KINRICK – Sense Your Darkness

KINRICK - Sense Your Darkness


Leviathan Records
Release date: March 29, 2005

Guitars: A-
Bass: A-
Percussion: A-
Vocals: C
Lyrics: B
Recording Quality: A-
Originality: B
Overall Rating: B+

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Kinrick is the brainchild of guitarist/songwriter extraordinaire David T. Chastain, and his Leviathan Records label … and although Chastain is credited with writing all of the material for Kinrick’s debut Sense Your Darkness album, he doesn’t perform at all on any of the songs! Instead, Chastain was successful in locating and pairing together ex-Firewind vocalist Stephen Fredrick and Vainglory guitarist Corbin King to head up the band. Kinrick, the name, is the clever result of merging the last names of these 2 individuals. The other members of Kinrick are Stian Kristoffersen, bludgeoning the drums (Pagan’s Mind), and James Martin, wielding the bass (Zanister).

Musically, this album is as good as it gets, and simply has it all … the style is generally Traditional Metal, built around King’s thick, driving, bass-emphasized, angry-sounding power chords, with a few elements of Progressive Metal in the guitar solos and drumming mixed into their work. The result is a fresh, yet familiar, musical style that certainly grabs your attention and gets the adrenaline flowing from the opener, “Call Of Honor,” to and through the final cut and title track, “Sense Your Darkness.” Fredrick’s vocal style is unique, to say the least … if you haven’t heard him sing before with Firewind, you’ll find that you’re probably either going to love or hate his vocal approach – his style on this album is kind of a cross between WASP’s Blackie Lawless and KISS’s Gene Simmons. He delivers a very consistent performance throughout the CD, but doesn’t have the prototypical wide dynamic range to his voice that is more often than not customary when considering the Traditional Metal style. Whether or not Frederick’s vocal performance strikes your fancy or turns you off, the power behind Kinrick’s music, without a doubt, stands strong regardless.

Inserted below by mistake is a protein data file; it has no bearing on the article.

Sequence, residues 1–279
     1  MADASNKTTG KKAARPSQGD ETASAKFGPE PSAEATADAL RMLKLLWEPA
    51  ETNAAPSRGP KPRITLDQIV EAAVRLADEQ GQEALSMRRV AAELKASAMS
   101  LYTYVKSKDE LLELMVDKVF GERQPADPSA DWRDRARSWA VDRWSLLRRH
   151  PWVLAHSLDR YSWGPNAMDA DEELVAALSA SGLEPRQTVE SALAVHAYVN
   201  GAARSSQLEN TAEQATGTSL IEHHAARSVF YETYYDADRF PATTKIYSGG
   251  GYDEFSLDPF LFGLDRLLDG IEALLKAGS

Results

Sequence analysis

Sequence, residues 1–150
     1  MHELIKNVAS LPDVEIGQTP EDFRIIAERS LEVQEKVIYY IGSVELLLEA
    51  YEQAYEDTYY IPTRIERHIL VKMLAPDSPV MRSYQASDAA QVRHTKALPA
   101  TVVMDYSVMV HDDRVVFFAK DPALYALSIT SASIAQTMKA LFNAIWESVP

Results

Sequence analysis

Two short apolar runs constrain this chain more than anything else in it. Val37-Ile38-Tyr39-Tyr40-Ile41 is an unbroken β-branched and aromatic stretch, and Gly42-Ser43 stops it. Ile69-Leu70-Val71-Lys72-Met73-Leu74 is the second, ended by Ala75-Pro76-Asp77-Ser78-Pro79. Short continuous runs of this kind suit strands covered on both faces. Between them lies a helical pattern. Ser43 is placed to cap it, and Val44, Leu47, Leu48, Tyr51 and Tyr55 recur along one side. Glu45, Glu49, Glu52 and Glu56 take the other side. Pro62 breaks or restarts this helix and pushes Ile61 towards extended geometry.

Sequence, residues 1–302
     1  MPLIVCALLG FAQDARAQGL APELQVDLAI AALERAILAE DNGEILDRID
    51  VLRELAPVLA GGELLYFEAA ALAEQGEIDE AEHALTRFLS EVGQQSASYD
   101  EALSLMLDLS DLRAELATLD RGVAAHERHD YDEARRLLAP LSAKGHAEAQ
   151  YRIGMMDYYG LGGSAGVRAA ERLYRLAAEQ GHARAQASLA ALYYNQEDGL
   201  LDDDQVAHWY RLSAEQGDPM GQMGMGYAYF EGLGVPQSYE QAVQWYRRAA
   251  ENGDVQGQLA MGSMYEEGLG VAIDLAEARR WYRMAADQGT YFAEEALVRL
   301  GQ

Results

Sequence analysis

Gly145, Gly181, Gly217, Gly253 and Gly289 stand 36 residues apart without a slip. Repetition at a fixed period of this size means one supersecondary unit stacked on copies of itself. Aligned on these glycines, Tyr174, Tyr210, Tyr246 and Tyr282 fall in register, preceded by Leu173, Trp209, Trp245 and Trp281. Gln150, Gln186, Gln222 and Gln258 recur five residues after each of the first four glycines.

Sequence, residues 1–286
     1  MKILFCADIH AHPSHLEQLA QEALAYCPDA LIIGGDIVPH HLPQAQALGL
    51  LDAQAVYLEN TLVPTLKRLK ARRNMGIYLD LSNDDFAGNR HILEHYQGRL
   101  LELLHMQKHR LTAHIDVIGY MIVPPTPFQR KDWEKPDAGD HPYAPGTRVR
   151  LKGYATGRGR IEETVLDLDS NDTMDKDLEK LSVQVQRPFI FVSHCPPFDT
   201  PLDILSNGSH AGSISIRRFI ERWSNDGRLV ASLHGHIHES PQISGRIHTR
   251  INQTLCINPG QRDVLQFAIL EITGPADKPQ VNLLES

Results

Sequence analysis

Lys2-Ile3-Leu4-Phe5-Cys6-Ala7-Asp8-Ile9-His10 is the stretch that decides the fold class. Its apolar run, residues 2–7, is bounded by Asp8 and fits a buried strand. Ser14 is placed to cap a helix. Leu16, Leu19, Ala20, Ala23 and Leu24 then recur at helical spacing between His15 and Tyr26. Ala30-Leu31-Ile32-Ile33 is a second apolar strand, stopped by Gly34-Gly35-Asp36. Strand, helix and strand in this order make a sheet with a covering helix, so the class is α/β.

Sense Your Darkness contains 10 tracks (45 minutes), and all of them are solid. Topically, the lyrical themes behind the songs generally deal with Chastain invoking a call to arms, of sorts, to Metalheadz everywhere to fight for the oppressed and downtrodden of this world, and to stand up against the “forces that continue to cause injustice and repression.” One could definitely conclude that the lyrical feel of this album is indeed hostile, although Chastain wisely doesn’t go overboard in that direction, which likely would have caused the CD to lose many of its melodic undertones and overall enjoyableness.

Although all of the songs are good, “Call Of Honor,” “Throughout All Time,” “I Fight Alone,” “Dressed Up As God,” “Stand Up And Fight,” and “For Your Evil” rise slightly above the other tracks, mostly because of King’s guitar playing, which is particularly innovative within these songs. In addition to King’s outstanding performance, Kristoffersen offers a stellar show too on the skins, adding a twist to the otherwise “conventional” sound of King and Martin. In “Throughout All Time,” for example, Kristoffersen’s ability and influence on the music of Kinrick is particularly noticeable via his intricate double-bass drumbeat. Martin’s bass play is very noteworthy too, and he’s really successful in rounding out the deep-toned sound aspect of the band. Couple all of this with stellar production quality, and you indeed have a true winning combination.

All in all, if you like a power approach to your Metal with plenty of guitar and bass work driving the music (and who doesn’t?), this Kinrick album is a release you should definitely check out. Musically, you’re not going to find anything much better this year … so the real key comes down to your impression of and appetite for Fredrick’s vocal style and abilities. You’re not going to hear Halford-like range exuded from Fredrick’s vocal chords on this album, but the innovative musicianship, solid song structure, and impressive production quality more than make up for that potential shortcoming, resulting in one of the more solid CDs thus far in 2005!


  • Dan Skiba

    Dan is a former partner at Metal Express Radio, and also served as a reviewer, photographer and interviewer on occasions. Based out of Indianapolis, USA he was first turned on to Hard Rock music in the mid-1970s when he purchased Deep Purple's Machine Head as his first album. He was immediately enthralled with the powerful guitar sound and pronounced drumbeat, and had to get more! His collection quickly expanded to include as many of Heavy Rock bands of the time that he could get his hands on, such as Ted Nugent, Judas Priest, and Black Sabbath, to name just a few.

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